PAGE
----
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News & Events
MU Veterinary Researchers Seek Help In Determining
If Our Pets Carry an Antibiotic-Resistant Bacteria


The so-called "super bug" bacteria, Methicillin-resistant Staphylococcus aureus, is a growing problem in the medical profession where common contact can spread the antibiotic-resistant infection from doctor to patient.

But are our dogs and cats also capable of carrying and spreading this bacteria? To find out, researchers at the University of Missouri-Columbia College of Veterinary Medicine are recruiting 750 pet owners to determine if the bacteria routinely exists on our pets.

The bacteria, MRSA, has become prominent in the news because it is resistant to many antibiotics, and has been linked to skin infections, abscesses, joint infections, and death. It is dangerous because common antibiotics like oxacillin, penicillin, and amoxicillin don't work against it. This forces physicians to use stronger, more expensive, or second- or third-choice medicines that may be less effective or have more side effects.

MRSA bacteria often lives on the skin of healthy people causing little more than an occasional boil or pimple or no symptoms at all. It becomes dangerous when the bacteria enters the body via a cut or puncture where it can produce a serious infection that does not readily respond to antibiotics.

It is particularly dangerous in healthcare settings where patients usually have weakened immune systems. Surgical procedures, dialysis treatment, or common tests that puncture the skin can introduce MRSA bacteria into the body where it can cause life-threatening problems, such as bloodstream infections, surgical site infections, or pneumonia.

While MRSA transmissions are known to occur in prison populations, sports teams, and the military, they seem to be most prevalent in healthcare areas. According to Center for Disease Control data, the proportion of infections that are antimicrobial resistant has been growing. In 1974, MRSA infections accounted for two percent of the total number of staphylococcal infections; in 1995 it was 22 percent; in 2004 it was some 63 percent.

Staphylococcal bacteria are commonly found on human skin and in the nasal passages, but less so in animals. Nonetheless, last year the federal Centers for Disease Control started looking to determine if dogs and cats are a potential carrier of MRSA bacteria and if there is a disease-transfer connection. Specifically, scientists wonder if humans are giving the bacteria to pets, pets are giving it to humans, or if the staphylococcal bacteria is cycling constantly among humans and their pets.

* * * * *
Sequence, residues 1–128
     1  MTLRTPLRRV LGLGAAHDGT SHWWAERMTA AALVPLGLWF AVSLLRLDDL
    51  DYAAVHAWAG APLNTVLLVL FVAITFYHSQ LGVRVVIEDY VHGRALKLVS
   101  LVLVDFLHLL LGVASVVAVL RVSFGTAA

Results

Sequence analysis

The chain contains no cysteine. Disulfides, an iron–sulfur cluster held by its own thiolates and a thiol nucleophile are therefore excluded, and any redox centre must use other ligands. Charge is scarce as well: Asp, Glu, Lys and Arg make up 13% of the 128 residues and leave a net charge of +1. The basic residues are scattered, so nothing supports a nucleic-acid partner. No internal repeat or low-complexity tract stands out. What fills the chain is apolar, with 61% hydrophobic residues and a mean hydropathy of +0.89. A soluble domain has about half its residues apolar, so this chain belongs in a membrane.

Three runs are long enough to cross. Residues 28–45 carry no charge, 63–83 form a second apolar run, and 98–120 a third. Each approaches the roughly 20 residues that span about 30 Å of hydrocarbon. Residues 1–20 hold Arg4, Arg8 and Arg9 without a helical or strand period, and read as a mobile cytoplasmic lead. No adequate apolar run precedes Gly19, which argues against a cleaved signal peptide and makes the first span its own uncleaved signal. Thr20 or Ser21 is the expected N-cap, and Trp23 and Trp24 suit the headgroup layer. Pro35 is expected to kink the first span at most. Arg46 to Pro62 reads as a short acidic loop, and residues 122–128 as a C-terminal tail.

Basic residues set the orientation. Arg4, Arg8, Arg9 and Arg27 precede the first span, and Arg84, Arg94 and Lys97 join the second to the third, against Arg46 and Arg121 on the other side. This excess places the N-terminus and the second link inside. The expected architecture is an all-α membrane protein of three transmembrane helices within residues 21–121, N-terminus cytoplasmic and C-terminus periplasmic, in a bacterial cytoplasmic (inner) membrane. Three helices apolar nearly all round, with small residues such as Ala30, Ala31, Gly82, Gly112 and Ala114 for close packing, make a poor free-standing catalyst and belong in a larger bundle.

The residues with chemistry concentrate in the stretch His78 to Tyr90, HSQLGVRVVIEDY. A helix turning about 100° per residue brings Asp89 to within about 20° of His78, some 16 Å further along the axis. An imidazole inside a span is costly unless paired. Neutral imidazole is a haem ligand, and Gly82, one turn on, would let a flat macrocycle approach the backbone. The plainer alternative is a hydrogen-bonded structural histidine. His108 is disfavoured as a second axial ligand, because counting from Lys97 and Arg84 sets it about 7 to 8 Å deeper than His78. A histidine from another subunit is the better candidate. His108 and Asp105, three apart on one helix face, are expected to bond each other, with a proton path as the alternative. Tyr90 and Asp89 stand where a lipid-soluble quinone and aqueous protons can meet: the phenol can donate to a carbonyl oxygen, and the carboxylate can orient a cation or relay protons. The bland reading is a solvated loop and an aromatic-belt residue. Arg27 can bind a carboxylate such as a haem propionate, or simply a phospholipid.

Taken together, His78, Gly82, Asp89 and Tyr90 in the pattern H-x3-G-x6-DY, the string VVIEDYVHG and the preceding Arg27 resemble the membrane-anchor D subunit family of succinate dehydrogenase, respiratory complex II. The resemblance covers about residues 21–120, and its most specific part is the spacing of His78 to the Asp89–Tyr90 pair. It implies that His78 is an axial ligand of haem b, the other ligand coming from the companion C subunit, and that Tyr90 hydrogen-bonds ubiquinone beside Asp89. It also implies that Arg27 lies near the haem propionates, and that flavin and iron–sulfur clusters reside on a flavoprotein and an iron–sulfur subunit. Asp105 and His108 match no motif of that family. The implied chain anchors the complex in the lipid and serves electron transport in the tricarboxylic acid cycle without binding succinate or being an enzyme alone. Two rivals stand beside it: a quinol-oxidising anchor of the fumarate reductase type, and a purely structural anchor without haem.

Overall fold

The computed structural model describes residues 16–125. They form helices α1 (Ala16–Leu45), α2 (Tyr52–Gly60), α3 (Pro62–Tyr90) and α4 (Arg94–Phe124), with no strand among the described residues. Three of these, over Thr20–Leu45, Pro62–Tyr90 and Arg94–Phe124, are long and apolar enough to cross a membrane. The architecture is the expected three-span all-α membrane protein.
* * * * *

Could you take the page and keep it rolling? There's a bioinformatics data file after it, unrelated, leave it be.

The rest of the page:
Early data indicates that there is a growing problem in the veterinary world. Veterinarians have reported cases of MRSA infection among dogs who have had surgery such as limb amputation. Methicillin-resistant staphylococcal infections have been found among horses, and outbreaks have occurred in equine hospitals.

Like with people, bacteria on pets may have grown resistant to antibiotics as modern veterinary medicine routinely uses modern pharmaceuticals to save animals who would have died a quarter century ago.

MU's research study is being headed by Stephanie Kottler, DVM, a resident veterinarian at the Veterinary Medical Teaching Hospital. Co-investigators are Leah Cohn DVM, PhD, associate professor in small animal internal medicine; John Middleton, DVM, PhD, assistant professor of food animal internal medicine; and J. Scott Weese, DVM, DVSc, assistant professor at the University of Guelph Ontario Veterinary College, Canada.

Because prior studies have shown that there is a higher prevalence of MRSA bacteria colonization among healthcare workers, the MU study will evaluate 750 pets and their owners divided evenly into three groups 1) pets of human healthcare workers, 2) pets of veterinary healthcare workers, and 3) pets belonging to non-healthcare professionals.

"Results of the study will help define whether pets in households with healthcare workers are a more likely to serve as reservoirs for community-acquired MRSA," Dr. Kottler said.

The study is being funded by the American College of Veterinary Internal Medicine Foundation, the MU Department of Veterinary Medicine and Surgery, and Drs. Middleton and Cohn. Results will be submitted to human and veterinary peer-reviewed scientific journals.

The research study will only take a few minutes of time for participants to complete. A questionnaire is filled out, and then a technician will use a cotton swab to touch the inside of the pet's nose, and another swab to touch the inside of the pet owner's nose. The samples will be cultured to determine what kind of bacteria are present. Results will remain anonymous.

A coupon for dog food or a pet-related gift will be given to each participant.

For more information about the study, contact Dr. Kottler via e-mail at: kottlers@missouri.edu.

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Last Update: February 24, 2012